Wednesday, April 17, 2013

Compassion for Boston Bombing Victims

At this writing, we still don't know all the details . . . maybe never will. The TV constantly broadcasts about cries for help, blood, total chaos, flying limbs, terror, injuries, victims, and other unsettling news. So what's a parent to do?

First, depending upon your child's age and ability to absorb unsettling news, turn off the TV. Often we, as adults, want to stay informed but there is such a thing as too much input! If your home is a steady stream of negative TV news, you may overwhelm your child and create a stressful home environment. The truth is; it'll all come out in upcoming weeks; you can afford to turn off the TV news for a few days.

Second, if your child asks questions such as, "Are we in war?" it's your signal to be the teacher. Saying things as, "We're always in a war of good vs evil," will open opportunity to teach about life and your values. In our home The Golden Rule of doing to others as we'd want them to do to us, assisted my daughters in developing social and spiritual skills. Today both are in helping professions; one's a RN and the other is an English teacher. Follow up your comment with something like, "You can be the good person by . . ." and list ways to pray, feeling sorry over the suffering or others, or actions that may relieve the hurt or people. Even in the Boston bombing, there are stories of helping and goodness shown by fellow runners and individual crowd members.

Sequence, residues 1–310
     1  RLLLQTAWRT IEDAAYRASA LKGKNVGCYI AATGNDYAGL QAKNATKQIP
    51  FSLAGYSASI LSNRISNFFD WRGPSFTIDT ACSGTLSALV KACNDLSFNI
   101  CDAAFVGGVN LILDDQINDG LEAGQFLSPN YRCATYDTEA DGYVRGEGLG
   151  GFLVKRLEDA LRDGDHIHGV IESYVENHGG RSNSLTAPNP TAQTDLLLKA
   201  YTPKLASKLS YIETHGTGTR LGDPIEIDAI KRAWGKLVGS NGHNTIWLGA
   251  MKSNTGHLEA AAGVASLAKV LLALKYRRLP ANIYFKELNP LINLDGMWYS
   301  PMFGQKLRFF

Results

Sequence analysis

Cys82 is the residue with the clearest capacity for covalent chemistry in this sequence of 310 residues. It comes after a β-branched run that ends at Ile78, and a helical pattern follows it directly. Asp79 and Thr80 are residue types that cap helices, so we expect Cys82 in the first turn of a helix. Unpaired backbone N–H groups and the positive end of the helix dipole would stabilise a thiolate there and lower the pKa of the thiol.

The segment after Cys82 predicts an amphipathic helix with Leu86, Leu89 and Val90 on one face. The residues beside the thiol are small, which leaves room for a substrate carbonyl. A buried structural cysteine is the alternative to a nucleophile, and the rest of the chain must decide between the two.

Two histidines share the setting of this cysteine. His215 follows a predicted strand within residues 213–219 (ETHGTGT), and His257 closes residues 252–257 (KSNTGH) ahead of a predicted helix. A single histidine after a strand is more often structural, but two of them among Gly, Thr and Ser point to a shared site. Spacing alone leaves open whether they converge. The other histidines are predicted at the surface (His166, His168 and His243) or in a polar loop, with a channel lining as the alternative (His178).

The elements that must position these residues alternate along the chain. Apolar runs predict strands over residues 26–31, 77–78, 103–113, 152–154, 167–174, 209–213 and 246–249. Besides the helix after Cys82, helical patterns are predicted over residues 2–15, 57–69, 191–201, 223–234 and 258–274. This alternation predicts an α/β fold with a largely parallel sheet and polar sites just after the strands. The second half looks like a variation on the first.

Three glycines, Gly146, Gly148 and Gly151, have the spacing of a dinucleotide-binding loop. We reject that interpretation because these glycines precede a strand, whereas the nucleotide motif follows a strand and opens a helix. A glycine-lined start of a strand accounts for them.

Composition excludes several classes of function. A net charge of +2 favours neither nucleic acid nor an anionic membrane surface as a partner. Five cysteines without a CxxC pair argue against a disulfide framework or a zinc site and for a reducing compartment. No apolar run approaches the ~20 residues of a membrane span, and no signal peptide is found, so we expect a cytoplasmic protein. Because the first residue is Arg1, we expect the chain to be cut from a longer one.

Third, talk about practical ways to help now. Probably you can't do anything directly to help those injured and traumatized in Boston but, you can show kind help those close to you! Perhaps you and your child can visit a nursing home this weekend and talk to the lonely. You and your child can visit aging relatives, or the hospital's Pediatric Unit to talk to sick children (with staff or parent permission, of course). Homeless shelters or churches, that serve free meals, always need volunteer help. You and your child can make the good outweigh the evil in today's world.

Compassion is the art of understanding other people's suffering and doing selfless acts to help relieve the suffering. Ask your child, "How would you feel if . . . " to get him/her thinking. Then talk about what he or she would want in the way of assistance. Although the Boston bombing is an ugly, sad situation you can turn it into an educational opportunity in your home.

To keep your child involved over the long-haul, you can sponsor a disadvantaged child through Compassion International.

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